On Thursday, December 4, 1783, General George Washington received the officers of the victorious Continental Army to say farewell in the Long Room of Fraunces Tavern, located on the corner of Pearl and Broad streets in lower Manhattan. Fraunces Tavern opened in 1762 as the “Queen’s Head Tavern” and also was known as the “Sign of Queen Charlotte” for its portrait of the queen. Under the proprietorship of Samuel Fraunces, a patriot of African and French extraction born in the French West Indies, the tavern was located across the Bowling Green from the Whitehall Ferry landing. There, a barge waited to carry Washington across the Hudson River to New Jersey and then to Annapolis to resign his commission.
With a heart full of love and gratitude, I now take leave of you. I most devoutly wish that your latter days may be as prosperous and happy as your former ones have been glorious and honorable. I cannot come to each of you, but shall feel obliged if each of you will come and take me by the hand.
General George Washington’s Farewell to his Officers. In Memoir of Col. Benjamin Tallmadge–Prepared by Himself, at the Request of His Children. New York: T. Holman, 1858. p. 63
After British troops evacuated the city on November 25, 1783, Governor George Clinton threw a huge party at Fraunces Tavern in honor of General Washington. On December 1, a display of “fire-works and illuminations” was viewed from the Battery.
All the festivities were reported in the newspaper published by James Rivington, formerly “Printer to the King’s Most Excellent Majesty.” With the departure of the British, The Royal Gazette became Rivington’s New-York Gazette, and Universal Advertiser. The December 6, 1783, issue of the newspaper described Washington’s farewell to his officers:
Last Thursday noon (December 4), the principal officers of the army in town assembled at Fraunces Tavern, to take a final leave of their illustrious, gracious, and much loved Comrade, General Washington. The passions of human nature were never more tenderly agitated, than in this interesting and distressful scene…[His] words produced extreme sensibility on both sides…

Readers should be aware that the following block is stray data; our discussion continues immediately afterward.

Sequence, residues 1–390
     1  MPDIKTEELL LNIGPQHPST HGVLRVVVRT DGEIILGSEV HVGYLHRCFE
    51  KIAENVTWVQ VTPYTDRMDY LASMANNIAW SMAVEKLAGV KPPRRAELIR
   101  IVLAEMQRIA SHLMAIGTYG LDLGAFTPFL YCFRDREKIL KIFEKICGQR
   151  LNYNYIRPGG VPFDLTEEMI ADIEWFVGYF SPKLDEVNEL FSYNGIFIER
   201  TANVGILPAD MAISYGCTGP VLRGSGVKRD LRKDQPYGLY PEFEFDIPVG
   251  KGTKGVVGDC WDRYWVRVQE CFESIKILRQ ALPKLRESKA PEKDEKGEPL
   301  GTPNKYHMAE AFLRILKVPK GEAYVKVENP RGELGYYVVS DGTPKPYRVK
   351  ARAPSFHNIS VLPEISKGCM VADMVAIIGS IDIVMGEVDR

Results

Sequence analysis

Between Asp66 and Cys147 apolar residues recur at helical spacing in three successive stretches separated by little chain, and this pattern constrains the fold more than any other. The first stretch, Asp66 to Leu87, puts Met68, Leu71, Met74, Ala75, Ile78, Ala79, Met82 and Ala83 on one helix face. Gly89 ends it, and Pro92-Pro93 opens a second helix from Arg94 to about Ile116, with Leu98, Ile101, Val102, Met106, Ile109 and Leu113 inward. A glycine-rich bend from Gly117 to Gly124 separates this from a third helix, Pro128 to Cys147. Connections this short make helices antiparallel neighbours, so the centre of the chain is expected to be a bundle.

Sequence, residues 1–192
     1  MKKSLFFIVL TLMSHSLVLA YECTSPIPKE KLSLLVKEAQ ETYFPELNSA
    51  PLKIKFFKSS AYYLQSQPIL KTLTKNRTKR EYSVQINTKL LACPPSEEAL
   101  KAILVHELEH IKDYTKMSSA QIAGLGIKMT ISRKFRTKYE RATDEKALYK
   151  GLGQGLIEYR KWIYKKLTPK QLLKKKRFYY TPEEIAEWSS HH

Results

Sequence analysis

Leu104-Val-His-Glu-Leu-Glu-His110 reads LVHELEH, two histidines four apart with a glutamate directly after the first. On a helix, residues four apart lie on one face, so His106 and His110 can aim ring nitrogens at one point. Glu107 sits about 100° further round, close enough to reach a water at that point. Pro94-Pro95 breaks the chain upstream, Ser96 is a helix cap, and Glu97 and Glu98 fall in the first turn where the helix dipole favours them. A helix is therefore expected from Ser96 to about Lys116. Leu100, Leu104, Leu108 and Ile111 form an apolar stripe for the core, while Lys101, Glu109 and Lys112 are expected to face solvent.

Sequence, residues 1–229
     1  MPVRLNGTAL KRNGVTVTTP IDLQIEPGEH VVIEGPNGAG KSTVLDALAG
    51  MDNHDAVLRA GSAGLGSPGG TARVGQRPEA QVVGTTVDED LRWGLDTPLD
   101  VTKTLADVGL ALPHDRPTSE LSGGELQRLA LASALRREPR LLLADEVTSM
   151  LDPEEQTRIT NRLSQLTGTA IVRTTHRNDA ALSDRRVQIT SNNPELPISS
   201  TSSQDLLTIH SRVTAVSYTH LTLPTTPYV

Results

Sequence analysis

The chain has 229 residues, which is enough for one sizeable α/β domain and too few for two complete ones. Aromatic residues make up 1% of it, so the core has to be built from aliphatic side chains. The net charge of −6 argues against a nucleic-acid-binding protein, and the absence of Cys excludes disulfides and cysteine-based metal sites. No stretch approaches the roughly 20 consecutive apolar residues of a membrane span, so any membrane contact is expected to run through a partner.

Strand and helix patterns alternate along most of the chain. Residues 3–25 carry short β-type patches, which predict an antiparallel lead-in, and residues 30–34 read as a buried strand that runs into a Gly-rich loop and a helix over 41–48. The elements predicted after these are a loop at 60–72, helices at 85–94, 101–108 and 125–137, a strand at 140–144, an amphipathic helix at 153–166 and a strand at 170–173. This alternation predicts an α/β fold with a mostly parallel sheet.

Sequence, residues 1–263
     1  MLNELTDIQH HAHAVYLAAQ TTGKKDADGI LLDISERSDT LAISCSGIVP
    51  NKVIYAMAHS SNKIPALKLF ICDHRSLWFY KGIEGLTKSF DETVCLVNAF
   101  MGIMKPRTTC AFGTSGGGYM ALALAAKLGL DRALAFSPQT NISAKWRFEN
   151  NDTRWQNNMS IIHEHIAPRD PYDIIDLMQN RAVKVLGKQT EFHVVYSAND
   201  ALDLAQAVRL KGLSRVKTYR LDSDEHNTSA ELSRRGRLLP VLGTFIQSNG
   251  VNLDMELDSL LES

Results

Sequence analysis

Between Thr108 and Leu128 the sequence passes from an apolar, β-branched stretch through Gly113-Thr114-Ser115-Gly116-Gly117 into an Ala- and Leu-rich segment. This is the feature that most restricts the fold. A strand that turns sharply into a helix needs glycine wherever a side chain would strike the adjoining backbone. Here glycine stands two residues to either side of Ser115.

Rivington’s New-York Gazette, and Universal Advertiser, December 6, 1783.
According to Colonel Benjamin Tallmadge’s account, General Henry Knox stood closest to General Washington. As the general concluded his address, the two turned to each other and “suffused in tears…embraced each other in silence.” Then, each of the officers followed suit, afterwards following Washington to the ferry landing where he departed, waving to them from his barge.
General Washington had already issued his Farewell Orders to the Continental Army. The outpouring of emotion and affection for Washington upon his retirement to Mount Vernon for Christmas imposed a heavy burden of reciprocal correspondence. The general authored many letters of recommendation for former soldiers and patriots including a testimonial for Samuel Fraunces, who likely assisted the Continental Army by obtaining intelligence from British army officers frequenting his tavern while New York was under royal government. Fraunces later was employed by Washington as a steward in his presidential households in New York and Philadelphia.
- Read Washington’s correspondence. Search the George Washington Papers using the terms Fraunces, Tallmadge, or Knox to find a wealth of material, including documentation of Washington’s expenditures at the tavern. Search the collection using the term Washington farewell to locate more words from Washington at the time of his retirement. View the Timeline and the Essays in the collection for additional biographical information about Washington.
- Search Documents from the Continental Congress and the Constitutional Convention, 1774 to 1789 using the term army for material related to the Continental Army, including a document repealing “rations, subsistence, or allowances to officers over and above their pay.”
- Search Today in History with the term George Washington to learn more about the first president. Features highlight the president’s birthday, his resignation as commander-in-chief of the Continental Army, and his death.